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  1. 1. Everything on the Internet is Free, Right? A Crash Course on Digital 🔌 Copyright #PSEWEB Presented by Andrea Karpala & Heather Martin University of Guelph
  2. 2. ABOUT US Heather Martin University of Guelph Copyright Officer & Manager of E-Learning and Reserve Services Andrea Karpala Communications Manager & Social Media Lead, University of Guelph Library @heat13her AndreaKarpala #PSEWEB
  3. 3. #PSEWEB We’re here to help Digital copyright can be intimidating…
  4. 4. 1. Yes, copyright applies to content on the internet #GoldenNugget #PSEWEB
  5. 5. Copyright protects ORIGINAL WORKS in all formats Copyright DOES NOT protect facts or ideas- only their expression Works are protected when they ARE CREATED – no registration required Copyright lasts for LIFE OF AUTHOR + 50 years (in Canada) #PSEWEB
  6. 6. Copyright Act amendments in 2012 brought Canada’s legislation INTO THE DIGITAL AGE #PSEWEB
  7. 7. #PSEWEB CREATOR RIGHTS • Economic rights Sole right to reproduce, publish, communicate to the public, perform, translate, create derivative works…(and to authorize others to do so) • Moral rights Right of attribution, integrity, association Balance between CREATOR and USER rights USER RIGHTS • Limitations and exceptions to the rights of creators • Allow for some uses without permission or payment • Fair dealing for certain purposes: Research, private study, education, criticism, review, parody, satire and news reporting Image courtesy of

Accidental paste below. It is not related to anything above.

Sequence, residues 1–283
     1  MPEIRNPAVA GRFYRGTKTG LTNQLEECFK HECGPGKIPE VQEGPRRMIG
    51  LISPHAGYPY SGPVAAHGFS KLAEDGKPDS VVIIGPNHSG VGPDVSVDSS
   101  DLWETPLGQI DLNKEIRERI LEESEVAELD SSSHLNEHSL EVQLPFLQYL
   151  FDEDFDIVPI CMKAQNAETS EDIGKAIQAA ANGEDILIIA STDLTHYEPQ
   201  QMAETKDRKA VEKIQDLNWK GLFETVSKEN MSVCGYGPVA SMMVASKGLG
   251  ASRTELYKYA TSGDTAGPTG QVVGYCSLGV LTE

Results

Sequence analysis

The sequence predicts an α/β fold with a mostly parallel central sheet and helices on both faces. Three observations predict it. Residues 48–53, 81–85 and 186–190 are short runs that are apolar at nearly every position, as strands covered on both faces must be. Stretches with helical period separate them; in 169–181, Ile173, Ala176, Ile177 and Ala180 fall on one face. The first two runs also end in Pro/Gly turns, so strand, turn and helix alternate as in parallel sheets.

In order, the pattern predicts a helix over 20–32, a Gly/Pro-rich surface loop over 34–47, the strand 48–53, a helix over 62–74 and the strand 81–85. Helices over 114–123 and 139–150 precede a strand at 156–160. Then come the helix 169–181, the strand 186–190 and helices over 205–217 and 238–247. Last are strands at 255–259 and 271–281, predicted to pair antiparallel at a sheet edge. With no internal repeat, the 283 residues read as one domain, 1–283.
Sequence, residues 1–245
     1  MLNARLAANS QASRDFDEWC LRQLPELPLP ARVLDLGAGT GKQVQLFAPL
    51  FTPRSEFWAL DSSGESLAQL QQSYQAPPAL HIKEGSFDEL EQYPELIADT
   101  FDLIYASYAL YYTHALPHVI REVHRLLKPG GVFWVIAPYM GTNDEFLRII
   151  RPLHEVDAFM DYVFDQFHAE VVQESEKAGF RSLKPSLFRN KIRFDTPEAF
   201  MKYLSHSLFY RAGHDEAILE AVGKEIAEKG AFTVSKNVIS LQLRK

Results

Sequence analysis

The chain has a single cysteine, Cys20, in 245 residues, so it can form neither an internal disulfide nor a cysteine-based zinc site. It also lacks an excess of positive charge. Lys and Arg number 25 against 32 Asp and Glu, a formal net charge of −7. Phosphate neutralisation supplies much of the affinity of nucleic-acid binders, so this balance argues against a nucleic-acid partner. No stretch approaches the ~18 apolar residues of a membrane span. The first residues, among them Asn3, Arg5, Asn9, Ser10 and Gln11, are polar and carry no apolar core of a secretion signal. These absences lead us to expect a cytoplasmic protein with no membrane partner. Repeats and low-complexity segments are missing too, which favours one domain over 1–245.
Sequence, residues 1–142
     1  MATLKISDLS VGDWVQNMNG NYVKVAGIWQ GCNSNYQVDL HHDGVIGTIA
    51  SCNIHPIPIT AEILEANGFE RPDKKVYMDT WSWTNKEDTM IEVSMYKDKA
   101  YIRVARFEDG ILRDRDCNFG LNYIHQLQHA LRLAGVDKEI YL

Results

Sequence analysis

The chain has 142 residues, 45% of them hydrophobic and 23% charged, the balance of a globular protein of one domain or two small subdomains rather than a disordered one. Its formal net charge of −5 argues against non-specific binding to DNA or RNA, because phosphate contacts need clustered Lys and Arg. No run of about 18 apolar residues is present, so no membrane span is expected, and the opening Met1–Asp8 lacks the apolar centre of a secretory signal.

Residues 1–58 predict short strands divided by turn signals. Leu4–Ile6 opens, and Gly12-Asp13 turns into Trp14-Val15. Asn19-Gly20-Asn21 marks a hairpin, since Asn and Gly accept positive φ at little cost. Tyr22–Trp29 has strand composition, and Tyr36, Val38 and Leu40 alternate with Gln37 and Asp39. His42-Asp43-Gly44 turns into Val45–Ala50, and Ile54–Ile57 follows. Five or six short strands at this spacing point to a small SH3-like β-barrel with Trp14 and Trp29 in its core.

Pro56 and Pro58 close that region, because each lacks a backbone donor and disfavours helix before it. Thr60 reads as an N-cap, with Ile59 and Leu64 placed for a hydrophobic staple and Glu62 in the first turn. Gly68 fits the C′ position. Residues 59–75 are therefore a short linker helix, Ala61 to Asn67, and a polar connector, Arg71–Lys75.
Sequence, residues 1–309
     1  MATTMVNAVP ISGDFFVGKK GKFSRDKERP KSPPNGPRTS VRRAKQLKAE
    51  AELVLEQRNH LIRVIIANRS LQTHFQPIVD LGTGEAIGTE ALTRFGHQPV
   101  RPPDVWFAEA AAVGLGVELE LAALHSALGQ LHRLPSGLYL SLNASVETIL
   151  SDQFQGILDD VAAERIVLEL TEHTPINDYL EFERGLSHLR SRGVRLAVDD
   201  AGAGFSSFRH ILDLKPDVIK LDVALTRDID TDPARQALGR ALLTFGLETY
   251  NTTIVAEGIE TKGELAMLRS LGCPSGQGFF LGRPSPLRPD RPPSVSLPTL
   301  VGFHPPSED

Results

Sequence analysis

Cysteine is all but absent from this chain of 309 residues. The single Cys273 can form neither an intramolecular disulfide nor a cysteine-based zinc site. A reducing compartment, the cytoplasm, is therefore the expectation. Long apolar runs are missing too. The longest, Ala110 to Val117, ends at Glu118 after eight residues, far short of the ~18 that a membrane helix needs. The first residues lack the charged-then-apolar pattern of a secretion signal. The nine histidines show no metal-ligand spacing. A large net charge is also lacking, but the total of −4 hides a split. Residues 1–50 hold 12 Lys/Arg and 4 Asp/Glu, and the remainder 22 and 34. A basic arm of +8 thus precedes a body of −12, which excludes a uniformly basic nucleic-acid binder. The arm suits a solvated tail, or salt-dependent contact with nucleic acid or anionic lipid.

8. 8. 2. Not all uses of copyrighted material require PERMISSION #GoldenNugget #PSEWEB
  9. 9. GREY AREA How you USE the work = copyright exception available MORE FAIR • Small excerpts • Few copies • Private use (small audience) • Non- profit/education • News reporting LESS FAIR • Large exerpts or entire works • Many copies • Publicly distributed • Corporate, commercial use • Entertainment • Non-copyrighted alternatives exist Fair Dealing? Fair Use? #PSEWEB